Heat treatment of the yarn is performed in the previously described oven in a nitrogen atmosphere at 475° C. for 64 seconds and a 4% stretch to yield: Denier/Tenacity/Elongation/Modulus=8.8/20.6/1.2/1910.

EXAMPLES 50-64

A PBT reaction mixture in polyphosphoric acid having an intrinsic viscosity of 14 dl./g. in methanesulfonic acid and a solids level of 9.2% is extruded from a 20 hole 133 μm. hole size jet with a 10 cm. air gap into a coagulant bath containing 10% phosphoric acid/90% water using a spin-draw ratio of 4.3, the properties obtained after washing and drying are: Denier/Tenacity/Elongation/Modulus=6.3/12.1/3.4/810.

Heat Treatment

A second heat treatment oven is used. The oven is 1 meter long with hot nitrogen fed to the center and exiting from both ends. Using this oven, the results in Table IX are obtained upon heat treatment of the above precursor fiber.

              TABLE IX______________________________________                            Te-Ex-                              nacity                                 Elon-am-  Temp.   Time    Stretch     (g./ gation                                       Modulusple  (°C.)        (sec.)  (%)   Den.  den.)                                 (%)   (g./den.)______________________________________50   475     60      0     5.8   14.2 1.3   103051   475     30      2     4.8   18.0  0.97 202052   475     60      2     5.1   18.8  0.98 208053   475     120     3     4.7   18.6  0.88 218054   525     60      0     5.0   15.6 1.2   134055   525     30      2     5.4   18.8 1.1   182056   525     60      2     5.1   20.8 1.1   210057   525     120     3     5.0   19.2 1.0   214058   550     60      0     5.2   14.5 1.3   114059   550     30      2     4.9   19.8 1.1   183060   550     60      2     4.8   20.8 1.1   214061   575     60      0     5.0   12.8 1.1   103062   575     30      2     5.0   21.9 1.3   184063   575     60      2     5.1   23.0 1.3   178064   575     120     2     4.4   23.1 1.2   1880______________________________________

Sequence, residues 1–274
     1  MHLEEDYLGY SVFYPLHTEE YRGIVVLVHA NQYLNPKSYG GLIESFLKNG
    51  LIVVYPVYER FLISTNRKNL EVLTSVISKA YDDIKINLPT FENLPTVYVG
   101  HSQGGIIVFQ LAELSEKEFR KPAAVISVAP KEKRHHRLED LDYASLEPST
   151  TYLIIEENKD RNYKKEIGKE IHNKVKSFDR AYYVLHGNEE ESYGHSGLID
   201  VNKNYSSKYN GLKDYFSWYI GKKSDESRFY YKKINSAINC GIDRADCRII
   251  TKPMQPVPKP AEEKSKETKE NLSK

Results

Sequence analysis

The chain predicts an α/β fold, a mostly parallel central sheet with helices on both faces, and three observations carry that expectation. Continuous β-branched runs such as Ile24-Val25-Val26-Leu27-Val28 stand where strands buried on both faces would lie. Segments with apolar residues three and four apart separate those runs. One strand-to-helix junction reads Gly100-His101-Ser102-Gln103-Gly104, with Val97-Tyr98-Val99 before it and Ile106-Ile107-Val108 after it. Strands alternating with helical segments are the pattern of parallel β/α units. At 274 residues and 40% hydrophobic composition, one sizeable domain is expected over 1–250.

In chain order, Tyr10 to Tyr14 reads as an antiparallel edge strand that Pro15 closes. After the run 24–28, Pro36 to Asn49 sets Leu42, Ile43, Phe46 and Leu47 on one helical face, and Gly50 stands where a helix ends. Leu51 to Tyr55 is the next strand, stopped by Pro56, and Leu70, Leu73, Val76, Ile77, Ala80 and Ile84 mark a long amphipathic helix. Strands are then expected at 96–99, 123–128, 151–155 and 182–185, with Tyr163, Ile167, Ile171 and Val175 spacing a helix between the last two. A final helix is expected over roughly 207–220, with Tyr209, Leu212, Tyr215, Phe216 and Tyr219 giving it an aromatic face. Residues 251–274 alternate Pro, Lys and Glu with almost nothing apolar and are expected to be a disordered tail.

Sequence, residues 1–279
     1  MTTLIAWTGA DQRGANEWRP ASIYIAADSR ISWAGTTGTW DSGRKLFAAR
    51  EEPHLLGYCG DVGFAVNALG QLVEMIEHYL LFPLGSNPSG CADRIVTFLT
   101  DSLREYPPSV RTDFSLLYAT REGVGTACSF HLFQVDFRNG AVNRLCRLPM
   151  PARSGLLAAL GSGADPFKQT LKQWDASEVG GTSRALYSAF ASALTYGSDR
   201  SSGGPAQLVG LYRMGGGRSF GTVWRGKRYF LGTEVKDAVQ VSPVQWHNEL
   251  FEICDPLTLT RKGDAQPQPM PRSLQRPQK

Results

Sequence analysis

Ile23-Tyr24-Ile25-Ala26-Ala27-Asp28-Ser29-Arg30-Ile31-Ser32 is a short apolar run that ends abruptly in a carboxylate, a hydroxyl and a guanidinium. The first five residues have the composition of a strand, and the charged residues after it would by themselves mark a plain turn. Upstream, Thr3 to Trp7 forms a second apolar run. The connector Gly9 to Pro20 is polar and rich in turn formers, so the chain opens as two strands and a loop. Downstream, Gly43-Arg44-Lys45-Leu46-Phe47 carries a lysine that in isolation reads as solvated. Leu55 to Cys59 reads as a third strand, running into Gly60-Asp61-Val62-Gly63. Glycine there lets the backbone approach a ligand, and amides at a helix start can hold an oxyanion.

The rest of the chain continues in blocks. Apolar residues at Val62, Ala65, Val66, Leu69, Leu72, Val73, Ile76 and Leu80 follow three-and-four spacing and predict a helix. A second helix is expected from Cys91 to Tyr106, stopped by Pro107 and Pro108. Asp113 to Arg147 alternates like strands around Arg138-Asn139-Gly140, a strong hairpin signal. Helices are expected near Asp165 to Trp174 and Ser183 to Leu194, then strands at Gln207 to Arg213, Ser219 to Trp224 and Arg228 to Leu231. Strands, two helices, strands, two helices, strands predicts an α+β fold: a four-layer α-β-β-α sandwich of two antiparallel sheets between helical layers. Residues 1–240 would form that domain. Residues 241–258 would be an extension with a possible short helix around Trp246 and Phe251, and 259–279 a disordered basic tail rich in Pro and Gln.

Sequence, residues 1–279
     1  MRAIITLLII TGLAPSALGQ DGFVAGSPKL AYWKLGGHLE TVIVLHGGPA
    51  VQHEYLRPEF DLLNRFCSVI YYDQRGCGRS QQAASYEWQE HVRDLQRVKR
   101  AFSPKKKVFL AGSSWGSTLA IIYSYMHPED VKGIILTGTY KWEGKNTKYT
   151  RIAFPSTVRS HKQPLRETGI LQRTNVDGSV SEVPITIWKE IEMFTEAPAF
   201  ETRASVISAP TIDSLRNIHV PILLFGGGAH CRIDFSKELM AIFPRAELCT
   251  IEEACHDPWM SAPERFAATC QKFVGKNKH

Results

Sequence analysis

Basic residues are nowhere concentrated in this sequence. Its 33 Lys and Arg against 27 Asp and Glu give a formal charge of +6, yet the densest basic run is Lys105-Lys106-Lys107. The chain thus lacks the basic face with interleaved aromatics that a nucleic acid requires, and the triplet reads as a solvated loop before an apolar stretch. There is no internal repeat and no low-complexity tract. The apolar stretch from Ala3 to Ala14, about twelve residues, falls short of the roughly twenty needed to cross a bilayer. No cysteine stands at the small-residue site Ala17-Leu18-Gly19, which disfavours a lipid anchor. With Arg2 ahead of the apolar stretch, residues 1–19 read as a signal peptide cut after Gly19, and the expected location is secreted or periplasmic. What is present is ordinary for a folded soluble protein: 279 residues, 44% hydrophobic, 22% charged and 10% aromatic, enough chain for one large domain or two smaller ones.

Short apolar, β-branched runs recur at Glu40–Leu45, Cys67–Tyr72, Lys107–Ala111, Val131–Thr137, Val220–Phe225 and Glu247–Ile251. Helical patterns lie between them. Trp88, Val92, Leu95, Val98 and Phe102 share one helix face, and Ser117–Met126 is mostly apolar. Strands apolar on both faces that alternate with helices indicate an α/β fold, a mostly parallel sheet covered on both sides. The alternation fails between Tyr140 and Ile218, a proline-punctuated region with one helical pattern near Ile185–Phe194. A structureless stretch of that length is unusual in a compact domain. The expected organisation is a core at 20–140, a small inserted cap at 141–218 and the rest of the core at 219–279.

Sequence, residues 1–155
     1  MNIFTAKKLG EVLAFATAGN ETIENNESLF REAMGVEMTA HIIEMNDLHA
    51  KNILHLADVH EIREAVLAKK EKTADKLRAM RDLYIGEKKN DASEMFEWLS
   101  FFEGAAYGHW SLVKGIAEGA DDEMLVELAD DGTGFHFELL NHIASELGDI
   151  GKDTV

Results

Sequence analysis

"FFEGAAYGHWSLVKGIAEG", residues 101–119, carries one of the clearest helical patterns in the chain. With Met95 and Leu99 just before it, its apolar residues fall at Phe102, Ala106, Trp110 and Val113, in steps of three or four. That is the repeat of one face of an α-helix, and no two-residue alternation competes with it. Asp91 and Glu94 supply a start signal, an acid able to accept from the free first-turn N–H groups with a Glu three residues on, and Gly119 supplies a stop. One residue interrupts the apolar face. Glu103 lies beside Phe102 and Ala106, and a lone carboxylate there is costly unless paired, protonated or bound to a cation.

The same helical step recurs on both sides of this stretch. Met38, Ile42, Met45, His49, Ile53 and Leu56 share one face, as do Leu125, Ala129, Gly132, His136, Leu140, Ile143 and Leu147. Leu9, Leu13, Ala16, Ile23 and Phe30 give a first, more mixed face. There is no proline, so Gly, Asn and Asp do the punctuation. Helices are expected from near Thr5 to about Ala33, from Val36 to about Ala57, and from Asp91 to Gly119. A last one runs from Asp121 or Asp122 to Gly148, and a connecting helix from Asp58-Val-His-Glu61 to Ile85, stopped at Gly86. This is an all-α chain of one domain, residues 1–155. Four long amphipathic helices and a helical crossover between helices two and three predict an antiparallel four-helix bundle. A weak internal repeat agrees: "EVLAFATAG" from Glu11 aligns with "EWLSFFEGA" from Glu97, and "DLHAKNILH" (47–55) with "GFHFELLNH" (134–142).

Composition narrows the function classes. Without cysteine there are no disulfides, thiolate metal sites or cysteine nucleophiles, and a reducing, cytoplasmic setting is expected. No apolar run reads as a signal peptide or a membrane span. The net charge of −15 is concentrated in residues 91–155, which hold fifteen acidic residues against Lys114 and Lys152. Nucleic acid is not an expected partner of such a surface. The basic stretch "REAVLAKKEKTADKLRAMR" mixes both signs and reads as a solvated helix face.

EXAMPLES 65-69

Extrusion of a PBT reaction mixture in polyphosphoric acid containing 9.2% solids and having an intrinsic viscosity of 14 dl./g. in methanesulfonic acid is performed using a 0.5 inch wide die with a gap of 0.007 in. and a spin-draw ratio of 9. The film is coagulated in an aqueous bath and yields a film with a dry width of 4.5 mm., a denier of 440, a tenacity of 9.5 g./den., an elongation of 3.3% and a modulus of 720 g./den.

Heat Treatment

The above film is heat treated in a manner similar to fiber; by passing the film through the heated nitrogen filled oven while under tension. Results are shown in Table X.